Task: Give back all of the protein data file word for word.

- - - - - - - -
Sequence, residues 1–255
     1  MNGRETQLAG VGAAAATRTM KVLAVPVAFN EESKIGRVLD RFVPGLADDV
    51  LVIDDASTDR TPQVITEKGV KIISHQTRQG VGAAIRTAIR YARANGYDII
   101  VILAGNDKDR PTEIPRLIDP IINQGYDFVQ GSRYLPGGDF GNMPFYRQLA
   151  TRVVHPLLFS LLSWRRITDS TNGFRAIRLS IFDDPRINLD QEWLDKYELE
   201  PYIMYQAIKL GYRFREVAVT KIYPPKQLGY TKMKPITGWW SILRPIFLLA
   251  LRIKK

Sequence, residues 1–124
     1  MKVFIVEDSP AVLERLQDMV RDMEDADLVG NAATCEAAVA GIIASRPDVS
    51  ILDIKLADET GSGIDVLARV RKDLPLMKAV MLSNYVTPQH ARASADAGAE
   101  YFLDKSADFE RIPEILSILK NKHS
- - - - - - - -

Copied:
Sequence, residues 1–255
     1  MNGRETQLAG VGAAAATRTM KVLAVPVAFN EESKIGRVLD RFVPGLADDV
    51  LVIDDASTDR TPQVITEKGV KIISHQTRQG VGAAIRTAIR YARANGYDII
   101  VILAGNDKDR PTEIPRLIDP IINQGYDFVQ GSRYLPGGDF GNMPFYRQLA
   151  TRVVHPLLFS LLSWRRITDS TNGFRAIRLS IFDDPRINLD QEWLDKYELE
   201  PYIMYQAIKL GYRFREVAVT KIYPPKQLGY TKMKPITGWW SILRPIFLLA
   251  LRIKK

Sequence, residues 1–124
     1  MKVFIVEDSP AVLERLQDMV RDMEDADLVG NAATCEAAVA GIIASRPDVS
    51  ILDIKLADET GSGIDVLARV RKDLPLMKAV MLSNYVTPQH ARASADAGAE
   101  YFLDKSADFE RIPEILSILK NKHS